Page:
Nevertheless, for all its drawbacks, nurses who work in social care often pay tribute to the immense job satisfaction they receive. They welcome both the freedom to innovate which membership of a small team in a home provides, as well as the opportunities to reach a position of real authority at a relatively early stage of one’s career. The contacts with the wider community, the non-institutional setting compared with acute sector wards, and the way in which long term contacts with service users can be developed and sustained are all cited as reasons for preferring a home to a hospital as a workplace.
The issue of pay cannot, of course, be ignored, and here again social care struggles to keep pace with better resourced hospital services. In its 2015 workforce survey, Skills for Care presented data which “shows that nurses [in social care settings] are paid less than their NHS counterparts which may be contributing to their higher than average turnover rates”; the average salary is below £25,000, which is certainly not competitive, and turnover is over 30%, which also compares poorly with the hospital sector.
This situation may be eased a little by the Government’s current review of the rate paid to independent providers for nursing services, the results of which are promised for the spring of 2016, but homes will still face enormous cost pressures. These include substantial increases in regulatory fees, the continued squeeze on local authorities, which gives little scope for increased fee levels for contracted places, the introduction in April of the National Living Wage, and incessant pressures to drive up quality leading to greater overheads.
For a wide range of reasons, therefore, the managers of homes with nursing face considerable difficulties in recruiting qualified nurses. What has come to be regarded as the almost routine solution is to turn to foreign-educated staff to fill the gap left by the faults in the domestic supply chain. This has resulted in 37% of nurses employed in homes having a non-British nationality, and the age profile of the nursing workforce — 44% are 50 or over — suggests that overseas recruitment will remain an important tool for the foreseeable future.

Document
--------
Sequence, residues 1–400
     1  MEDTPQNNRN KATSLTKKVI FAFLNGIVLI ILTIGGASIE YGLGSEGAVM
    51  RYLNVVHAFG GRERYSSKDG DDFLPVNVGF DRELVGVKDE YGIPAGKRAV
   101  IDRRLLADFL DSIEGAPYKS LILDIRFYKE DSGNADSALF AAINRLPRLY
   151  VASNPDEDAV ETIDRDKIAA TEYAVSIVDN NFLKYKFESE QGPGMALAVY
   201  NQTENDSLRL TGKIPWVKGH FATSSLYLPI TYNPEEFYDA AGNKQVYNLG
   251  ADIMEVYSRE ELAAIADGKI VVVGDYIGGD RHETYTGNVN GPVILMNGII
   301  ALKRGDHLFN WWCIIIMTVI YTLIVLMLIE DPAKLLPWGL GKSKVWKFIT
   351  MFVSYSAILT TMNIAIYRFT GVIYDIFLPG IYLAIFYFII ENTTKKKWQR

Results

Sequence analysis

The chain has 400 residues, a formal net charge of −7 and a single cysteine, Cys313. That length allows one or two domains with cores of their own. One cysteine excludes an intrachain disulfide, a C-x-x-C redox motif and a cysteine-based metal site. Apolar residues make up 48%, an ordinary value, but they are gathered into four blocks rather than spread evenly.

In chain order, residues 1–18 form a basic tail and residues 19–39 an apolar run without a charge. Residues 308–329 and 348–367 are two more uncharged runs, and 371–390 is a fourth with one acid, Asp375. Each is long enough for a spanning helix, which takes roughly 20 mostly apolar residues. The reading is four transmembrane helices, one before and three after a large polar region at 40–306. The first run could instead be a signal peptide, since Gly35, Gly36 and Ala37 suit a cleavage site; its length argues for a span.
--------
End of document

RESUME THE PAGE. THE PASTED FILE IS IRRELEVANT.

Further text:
Here, however, the profession and its managers run into the problem of public and political attitudes to immigration. In April 2015, Skills for Care warned that the sector’s heavy reliance on workers from outside Europe made them very vulnerable to changes to or the enforcement of UK and EU employment law. It quoted as an example the fact that nurses who began work before August 2011 would have to be earning £35,000 by August 2016 to get permission to remain in this country.
Anxiety about tighter limits to overseas recruitment of nurses led a consortium of organisations including CQC, RCN, Skills for Care, and various provider bodies to write a joint letter to the UK Migration Advisory Committee (MAC) in September 2015 calling for action to ease the regulations, which they saw as adding to their staffing woes. As Des Kelly of the National Care Forum (NCF) commented at the time: “Nurses play a vital role in adult social care and yet the recruitment of nurses in care settings has become increasingly more difficult... The demand for trained nurses currently exceeds the available supply and the gap will not be bridged for some time.”
This plea did not go entirely unheard. In October, the Government announced that nurses would be added to the so-called “shortage occupation list”, which enables overseas applicants for nursing posts to be prioritised for immigration. The concession, however, is only an interim measure and the MAC has been requested to review the change and present further evidence early in 2016.
The care sector’s situation in relation to recruiting nurses, one of its most important resources, remains perilously vulnerable. Nurses play a unique part in the structure of care for older people, but it is a role which is far from fully developed or even properly recognised. The pressures over nurse recruitment and retention form a major threat not only within the care sector, but to health and care services as a whole. Given the financial and quality pressures on the NHS generally and on acute hospitals in particular, and the ways in which a strong cohort of nurses in the care sector can help ease these pressures, it seems self-defeating not to make comprehensive use of this valuable resource.
Last reviewed 10 February 2016